In 1962 Wilfred Winkenbach, a businessman and partner in the Oakland Raiders came up with the idea of fantasy football in a New York City hotel room. The first league set up by Winkenbach was the tongue twisting Greater Oakland Professional Pigskin Prognosticators League (GOPPPL).
Sixty years on, NFL fantasy football is a much more professional pursuit with thousands of leagues in operation all throughout the country and even beyond. Last year there were an estimated 62.5 million fantasy football players in the USA and a great many more overseas.
That’s an awful lot more players than fantasy baseball, basketball and hockey have. It’s also around 52 million more players than Fantasy Premier League has, which is the fantasy arm of supposedly the most popular sports league on the planet.
Why is this then? Why are there so many more football fans into fantasy leagues than other sports? What is it that makes Gridiron so well suited to fantasy leagues? Read on to find out.
The 2022 FIFA World Cup Final between Argentina and France was watched by 26 million sports fans in the USA, 14.9 million in the UK, 29.4 million in Argentina and 24.1 million in France. In total, the global viewing figures for that one soccer game were an estimated 1.1 – 1.4 billion.
Whilst the FIFA World Cup Final is unquestionably the biggest game in world sport, those crazy viewing figures aren’t confined to international tournaments. The 2022 Champions League Final brought in 700 million viewers whilst the two league clashes between Barcelona and Real Madrid had an estimated audience of 650 million per game.
Conversely, the 2022 edition of the Super Bowl between the Los Angeles Rams and Cincinnati Bengals drew a global audience of 99.18 million viewers with regular games for that season averaging 17.1 million viewers.
Why then, are the top three richest sports teams on the planet American? Why is the top 20 almost completely dominated by NFL teams? It’s because American sports franchises, in particular NFL franchises, are commercial behemoths.
From a marketing perspective, the NFL does everything right, which includes marketing the absolute hell out of fantasy football to get more and more people to sign up and forge emotional connections with the league.
It wouldn’t be too much of a stretch to say that the marketing campaigns of fantasy football companies here in the USA are vastly more advanced and efficient than those employed by Europe’s top soccer teams.
(It’s no wonder that a country full of real life Don Draper’s has made the most out of marketing football.)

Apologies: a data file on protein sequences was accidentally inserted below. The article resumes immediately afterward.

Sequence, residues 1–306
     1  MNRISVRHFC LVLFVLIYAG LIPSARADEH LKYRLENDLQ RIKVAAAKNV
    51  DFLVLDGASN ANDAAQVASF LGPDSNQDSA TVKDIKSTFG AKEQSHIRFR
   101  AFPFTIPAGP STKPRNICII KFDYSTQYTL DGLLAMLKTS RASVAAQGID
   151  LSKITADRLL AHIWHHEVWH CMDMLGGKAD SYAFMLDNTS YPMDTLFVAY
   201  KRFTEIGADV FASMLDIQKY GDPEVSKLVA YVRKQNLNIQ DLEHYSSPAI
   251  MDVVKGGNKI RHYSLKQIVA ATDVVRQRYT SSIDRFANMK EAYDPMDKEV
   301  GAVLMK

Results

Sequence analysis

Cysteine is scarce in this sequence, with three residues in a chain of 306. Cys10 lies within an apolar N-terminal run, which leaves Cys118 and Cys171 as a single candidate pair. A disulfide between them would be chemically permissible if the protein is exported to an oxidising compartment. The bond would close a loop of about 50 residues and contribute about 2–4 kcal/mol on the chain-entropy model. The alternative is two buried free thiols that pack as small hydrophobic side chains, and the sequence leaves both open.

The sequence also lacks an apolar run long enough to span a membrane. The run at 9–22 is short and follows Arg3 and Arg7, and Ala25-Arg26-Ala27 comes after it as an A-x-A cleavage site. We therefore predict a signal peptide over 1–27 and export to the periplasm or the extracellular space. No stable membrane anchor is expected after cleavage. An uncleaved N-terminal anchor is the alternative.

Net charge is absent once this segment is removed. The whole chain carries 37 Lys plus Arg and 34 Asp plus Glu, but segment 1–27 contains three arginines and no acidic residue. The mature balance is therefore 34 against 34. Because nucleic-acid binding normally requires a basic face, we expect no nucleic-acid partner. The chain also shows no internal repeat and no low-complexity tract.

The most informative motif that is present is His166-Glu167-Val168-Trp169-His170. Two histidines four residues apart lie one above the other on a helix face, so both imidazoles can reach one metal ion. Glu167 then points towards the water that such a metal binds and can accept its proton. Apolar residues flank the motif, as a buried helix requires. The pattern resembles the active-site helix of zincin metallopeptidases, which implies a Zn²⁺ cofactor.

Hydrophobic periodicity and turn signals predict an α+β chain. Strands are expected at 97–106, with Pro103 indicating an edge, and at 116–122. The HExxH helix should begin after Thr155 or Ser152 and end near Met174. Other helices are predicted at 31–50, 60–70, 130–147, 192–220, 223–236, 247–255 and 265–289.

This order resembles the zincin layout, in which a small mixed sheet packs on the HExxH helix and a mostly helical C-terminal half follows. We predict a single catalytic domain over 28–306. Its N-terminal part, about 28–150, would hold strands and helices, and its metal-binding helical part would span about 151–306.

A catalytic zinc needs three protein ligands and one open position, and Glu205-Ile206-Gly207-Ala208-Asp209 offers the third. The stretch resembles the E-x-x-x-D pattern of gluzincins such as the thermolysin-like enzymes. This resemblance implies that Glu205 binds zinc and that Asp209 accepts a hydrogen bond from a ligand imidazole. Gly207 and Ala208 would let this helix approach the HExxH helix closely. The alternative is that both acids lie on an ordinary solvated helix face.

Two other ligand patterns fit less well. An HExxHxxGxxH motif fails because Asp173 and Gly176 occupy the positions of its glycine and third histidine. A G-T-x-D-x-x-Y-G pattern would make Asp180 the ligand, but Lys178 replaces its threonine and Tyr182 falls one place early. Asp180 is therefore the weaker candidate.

Baseball and cricket are the two global sports that you would most naturally associate with fantasy sports. They are both games that absolutely ooze with statistics and data which should get the pulses of any fantasy sports player racing, right?
Well no actually. Both games are actually too heavy on the stats for the regular fantasy sports fan who just wants to experience a bit of escapism. OPS+, Woba, Wrc+, strike rates, wickets dismissed for duck and economy rates might all be catnip for statistics loving baseball and cricket fans, but they are way too complex for casual fans.
NFL then, with its lighter version of statistics is the perfect middle ground, allowing players to delve deep into the stats to invoke their inner Billy Beane without getting overwhelmed by data. It also has the edge over soccer in that regard as the stats in football can be more trusted than those in soccer to indicate outcomes.
Football is America’s #1 Sport
Football is the most popular sport here in the United States by far, and here in the US when we like something we go all in on it. Whereas soccer fans are content to just watch every minute of their favourite team’s games, we immerse ourselves completely in our fandom.
Not only do we watch every minute of every game, we listen to every podcast we can, read every article written about our teams and watch dedicated sports news channels. When there are no games on, of course we meet up with our friends and play fantasy football.
Of course we put our in-depth, borderline problematic, knowledge of the Eagles latest injury concerns to good use in our fantasy league management career, because why wouldn’t we?
There’s an argument to be made that football is perfect for fantasy sports because of the statistical sweet spot that it hits. Ultimately though we think its huge popularity more likely comes down to the fact that it is America’s number one sport and we do full-on fandom better than anywhere else on the planet.